As regards feeding…it’s your call…it depends on the flow of nectar in your area and how many foraging bees you have in the hive. It’s a balancing…too much feeding results in syrup being stored and the queen may not have enough space to lay. Not enough food will slow the bees down anyway. However. During your inspections…if you see lots of nectar being stored…you can remove that frame to the other side of the dummy board until giving back when there is less nectar flow…and give them another empty frame…and slow down the feeding.
Observation is the key…and patience.


#14

I will respectfully dis-agree with you.

I do not advise enlarging the brood nest. I advise moving honey stores one frame further away. I’ve gone from 2 hives to 41 hives in under 5 years without buying bees and using these methods.
Two frames, three frames or whatever, there are bees of all ages in that hive. Bees 8-15 days old make wax. I make three frame splits using a queen castle, one frame of eggs covered in nurse bees, one frame of pollen /honey, one undrawn frame. These splits rear a queen and draw the 3rd frame.
I’m in the north and my 3 frame nucs are drawing wax and I’ve done exactly what I advised him and it is successful. I only advise based on real world results. He is in the south and should have even better success.


#15

Respectfully dis-agree.

More room does not harm a colony. When a swarm moves into a cavity, the cavity is already as big as it will ever get. They don’t add additional room as the colony grows. Some of my hives are 3-4 deeps all year. The colony expands and contracts with the seasons yet the boxes stay. In the winter the cluster may reduce to fit in one box but the following Spring they populate the all the boxes again. They aren’t stunted from too much room.


#16

Thanks for all of the passionate responses.

I talked with my unofficial local mentor and got his advice too.

I am starting to come to the conclusion that my nucleus was small. Only 3 frames of bees, 1 more frame with comb but no bees, and 1 frame with only foundation. The company I bought the nucleus from alluded to difficulties early in the year.

My mentor also suggested taking one of the honey store frames (after ensuring it contained no brood) and moving it over space. Actually, he recommended turning one of the half full frames around.

@jape, my intention is not to rush the bees. Instead, I wanted to make sure I wasn’t doing something incorrect and inhibiting their natural growth rate. One of my concerns was the sugar water feeding filling up the comb and causing problems. Another concern was the plastic foundation.

I had assumed that after 11 days I should have seen some progress in comb building. Instead, there has been zero progress (other than a little bit of bridge comb). But, in retrospect, the bees probably spent those 11 days filling up the 1 frame of comb that barely had any bees on it. I expect that my inspection on day 18 will show some progress in comb building. Also, my sugar water is almost used up, I don’t plan on feeding them anymore after I run out. (I never wanted to feed them, but, the nucleus vendor recommended it, so I decided to go with their recommendation since I am a newbie).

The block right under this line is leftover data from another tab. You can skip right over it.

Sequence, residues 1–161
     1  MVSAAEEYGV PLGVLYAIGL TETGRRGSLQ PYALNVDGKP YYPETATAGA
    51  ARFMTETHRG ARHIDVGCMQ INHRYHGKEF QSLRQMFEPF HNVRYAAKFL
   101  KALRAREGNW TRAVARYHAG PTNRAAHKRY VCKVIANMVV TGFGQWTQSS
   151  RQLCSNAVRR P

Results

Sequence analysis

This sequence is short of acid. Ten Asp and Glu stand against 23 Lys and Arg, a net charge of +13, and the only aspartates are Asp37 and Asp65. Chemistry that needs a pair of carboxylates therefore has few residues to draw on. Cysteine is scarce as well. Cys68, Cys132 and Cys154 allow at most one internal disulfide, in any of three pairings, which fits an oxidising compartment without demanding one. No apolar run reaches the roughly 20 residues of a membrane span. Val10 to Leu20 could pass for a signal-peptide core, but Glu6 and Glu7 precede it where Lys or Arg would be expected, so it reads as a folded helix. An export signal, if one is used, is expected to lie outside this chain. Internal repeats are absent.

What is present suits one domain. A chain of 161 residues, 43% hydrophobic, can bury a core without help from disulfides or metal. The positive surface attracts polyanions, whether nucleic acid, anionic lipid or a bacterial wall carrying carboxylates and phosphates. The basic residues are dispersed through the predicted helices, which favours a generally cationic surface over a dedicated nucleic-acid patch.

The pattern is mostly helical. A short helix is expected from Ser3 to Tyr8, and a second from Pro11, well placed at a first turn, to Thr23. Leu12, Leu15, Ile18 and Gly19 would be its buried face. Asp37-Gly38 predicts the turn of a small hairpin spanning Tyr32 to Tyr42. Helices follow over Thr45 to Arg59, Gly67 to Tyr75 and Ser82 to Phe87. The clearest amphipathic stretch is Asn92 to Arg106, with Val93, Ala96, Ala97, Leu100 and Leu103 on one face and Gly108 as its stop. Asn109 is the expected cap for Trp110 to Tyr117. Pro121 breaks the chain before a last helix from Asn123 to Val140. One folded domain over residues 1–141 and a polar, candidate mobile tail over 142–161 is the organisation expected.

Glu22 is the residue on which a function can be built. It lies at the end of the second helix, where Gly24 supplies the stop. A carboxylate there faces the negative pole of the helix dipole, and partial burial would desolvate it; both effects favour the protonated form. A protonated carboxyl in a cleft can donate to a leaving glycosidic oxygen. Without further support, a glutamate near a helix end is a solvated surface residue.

I am on the fence regarding whether or not I should move some honey stores around to encourage bee expansion.


#17

Hi Lorne, everything sounds normal to me. It just takes time for the bees to get moving. The hive can only move as fast as the strength of the hives population will allow.

You will see a remarkable change a couple of weeks after the brood starts hatching. I learned something new the other week. “One frame of brood will produce 3 frames of bees”. So it wont be difficult to work out the growth rate of your hive in the coming weeks.

I learned another term recently, not from this forum however. “critical mass”. The critical mass of your hive has a lot to do with how quickly your hive will expand.

I figure that feeding your hive certainly wont do any harm at this stage.

Personally, I would use wax foundation instead of starter strips or plastic foundation. But that’s just me. I would be moving the two outside frames & putting wax foundation between the brood & the plastic foundation. Before doing that, just make sure there is no brood or eggs on those frames.


#18

Us beekeepers are passionate people! That is why so many women are into beekeeping! :smile:

You have to remember that bees have survived for millions of years, even without our TLC (Totally Loudmouthed Cussing!) :smiling_imp: This is a scary new adventure for you, but bees have survived it all and worse.

Big hug!


#19

I couldnt agree more to this post.
Even in the middle of Summer with high nectar flow where I live, it took my 4 frame full nuc 1 month to fill up the nuc then I added the flowhive super then it took them another month to fill up 75% of the flow hive.
The first year is always slow, but once you establish a colony, the flow gets faster.
Observation is the key…and patience :slight_smile:


#20

Haha. My 5 kids are teaching me patience. I’m not learning fast enough! (Subtle joke)

My problem is that I worry about the unknown. I am fully aware that when I ask most if my questions, that the answer will be… “Your fine, take a deep breath and let the bees be bees”. I still feel compelled to ask just to make sure I am not making a terrible newbie mistake.

4 years from now, I won’t be as unsure about everything.